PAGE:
The drawing is a schematic block diagram of the patient compliance monitoring device of the present invention.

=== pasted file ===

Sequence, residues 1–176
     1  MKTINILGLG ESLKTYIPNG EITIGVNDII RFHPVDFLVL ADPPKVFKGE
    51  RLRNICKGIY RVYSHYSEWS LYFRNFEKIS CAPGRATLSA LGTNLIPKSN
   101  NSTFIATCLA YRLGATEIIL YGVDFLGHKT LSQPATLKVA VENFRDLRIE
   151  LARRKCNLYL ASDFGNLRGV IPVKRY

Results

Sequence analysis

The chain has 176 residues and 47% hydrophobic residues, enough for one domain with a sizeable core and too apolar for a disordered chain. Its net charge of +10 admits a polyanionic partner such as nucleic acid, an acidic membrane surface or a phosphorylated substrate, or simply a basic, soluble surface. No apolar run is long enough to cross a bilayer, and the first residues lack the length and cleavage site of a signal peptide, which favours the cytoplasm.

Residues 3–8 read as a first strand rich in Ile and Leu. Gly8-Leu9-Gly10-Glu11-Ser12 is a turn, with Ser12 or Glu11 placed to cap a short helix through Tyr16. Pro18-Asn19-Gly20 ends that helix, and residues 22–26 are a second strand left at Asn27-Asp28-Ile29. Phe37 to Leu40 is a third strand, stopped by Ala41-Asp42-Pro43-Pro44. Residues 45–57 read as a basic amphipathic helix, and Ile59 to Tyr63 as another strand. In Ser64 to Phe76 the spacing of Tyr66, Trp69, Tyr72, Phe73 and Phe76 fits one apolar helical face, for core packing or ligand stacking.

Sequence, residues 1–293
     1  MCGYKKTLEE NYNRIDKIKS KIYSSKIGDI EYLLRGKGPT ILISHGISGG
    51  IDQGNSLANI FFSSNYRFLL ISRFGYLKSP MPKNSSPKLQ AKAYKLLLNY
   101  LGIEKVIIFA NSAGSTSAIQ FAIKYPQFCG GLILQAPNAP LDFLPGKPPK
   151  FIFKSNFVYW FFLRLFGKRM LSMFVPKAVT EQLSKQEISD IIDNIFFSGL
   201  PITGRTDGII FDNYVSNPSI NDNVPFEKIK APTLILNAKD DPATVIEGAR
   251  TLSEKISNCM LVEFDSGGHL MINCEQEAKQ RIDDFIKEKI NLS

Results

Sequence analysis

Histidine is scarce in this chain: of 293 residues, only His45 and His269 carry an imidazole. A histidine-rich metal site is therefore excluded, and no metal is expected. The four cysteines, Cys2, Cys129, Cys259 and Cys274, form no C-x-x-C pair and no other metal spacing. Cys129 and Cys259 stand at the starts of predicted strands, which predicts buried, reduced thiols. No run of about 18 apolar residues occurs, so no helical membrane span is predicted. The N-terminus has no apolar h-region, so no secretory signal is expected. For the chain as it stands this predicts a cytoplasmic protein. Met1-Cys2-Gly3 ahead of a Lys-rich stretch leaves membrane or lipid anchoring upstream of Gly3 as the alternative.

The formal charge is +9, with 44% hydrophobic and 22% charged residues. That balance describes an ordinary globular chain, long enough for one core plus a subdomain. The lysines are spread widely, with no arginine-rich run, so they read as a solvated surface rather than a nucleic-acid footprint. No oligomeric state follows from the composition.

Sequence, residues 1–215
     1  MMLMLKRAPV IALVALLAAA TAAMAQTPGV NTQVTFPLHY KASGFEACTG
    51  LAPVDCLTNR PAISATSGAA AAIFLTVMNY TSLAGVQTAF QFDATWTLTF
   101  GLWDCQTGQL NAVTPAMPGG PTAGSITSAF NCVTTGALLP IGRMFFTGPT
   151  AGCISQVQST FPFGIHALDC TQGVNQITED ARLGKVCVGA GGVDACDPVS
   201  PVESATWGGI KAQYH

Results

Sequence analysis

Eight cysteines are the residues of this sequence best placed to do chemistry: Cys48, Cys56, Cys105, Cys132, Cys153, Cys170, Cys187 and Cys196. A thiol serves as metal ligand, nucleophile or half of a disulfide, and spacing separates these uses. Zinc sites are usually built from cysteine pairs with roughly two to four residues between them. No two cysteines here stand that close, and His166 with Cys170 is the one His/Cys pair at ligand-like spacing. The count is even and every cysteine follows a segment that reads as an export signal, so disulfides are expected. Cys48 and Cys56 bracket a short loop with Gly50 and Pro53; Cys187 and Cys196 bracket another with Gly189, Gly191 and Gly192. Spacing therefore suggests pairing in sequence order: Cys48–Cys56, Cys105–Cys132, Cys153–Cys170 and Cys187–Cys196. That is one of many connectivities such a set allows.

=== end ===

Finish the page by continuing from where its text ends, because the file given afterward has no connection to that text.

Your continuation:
The patient compliance monitoring device 20 of the present invention is shown in the FIGURE to include a controller 22 which may be a microprocessor, microcomputer, digital logic device, PAL, or other such suitable controller including one as may be embodied in an ASIC, as would be known to those of skill in the art. A clock or timing circuit 24 and memory 26 may be separately provided or provided as part of controller 22 as desired and appropriate under the circumstances of the particular devices chosen to embody these functions. However, this is considered to be a matter of design choice and not significant with respect to the operation or best mode choice for the present invention. Similarly, a power supply circuit 28 is shown and may include a battery with wave form smoothing or filtering again as would be known to those of skill in the art. The active clinical device 30 may be considered as a soft tissue enlargement device as shown in any of the inventor's prior patent filings such as those which disclose a pair of vacuum domes for enclosing the breasts of a female patient. An electromechanical pump 32 may be provided and used to draw a negative pressure within the domes of the active clinical device 30 to apply the protocol as prescribed for enlarging soft tissue. Various embodiments of these devices may be found in the inventor's prior patent filings and it is not considered to be significant for purposes of enablement or best mode that any one or the other of these structures be utilized as long as they are chosen with care by one of ordinary skill in the art. A first sensor 34 may be mechanically mounted within the active clinical device 30 and used to sense the pressure, or negative pressure as the case may be, exerted by the active clinical device 30 over the soft tissue desired to be enlarged, as taught by the inventor previously. The particular location chosen for placement of the sensor 34 is considered to be a matter of design choice. However, it may be placed conveniently in any of the vacuum lines associated with the electromechanical pump 32, underneath either of the two vacuum domes, or elsewhere as desired and which may be determined with minimal experimentation to provide the most reliable sensor readings. A second sensor 36 may also be physically mounted to the active clinical device 30 and may be placed anywhere as convenient to come in contact with the patient's skin or other soft tissue such that it is heated by the patient's body as the active clinical device 30 is worn. Thus, as the active clinical device 30 is used, the temperature sensor 36 senses an elevated temperature over room temperature and provides a reliable indication that the patient is indeed wearing the active clinical device 30. A third sensor 38 may also be provided and allows for additional verification of patient compliance or other data to be collected as the patient wears the active clinical device 30. For example, the third sensor 38 may be still another pressure sensor placed in a different location within the active clinical device 30 to provide a more reliable reading or verification that the patient is indeed wearing the device 30. So another example of a possible sensor 38 would be a small mechanical snap switch or the like which would have a slight pressure actuator such that as the device is mechanically positioned on the patient's body, this sensor 38 is actuated and again provides an indication that the patient is wearing the device. Still other possibilities for sensor 38 may be envisioned as would be apparent to those of skill in the art.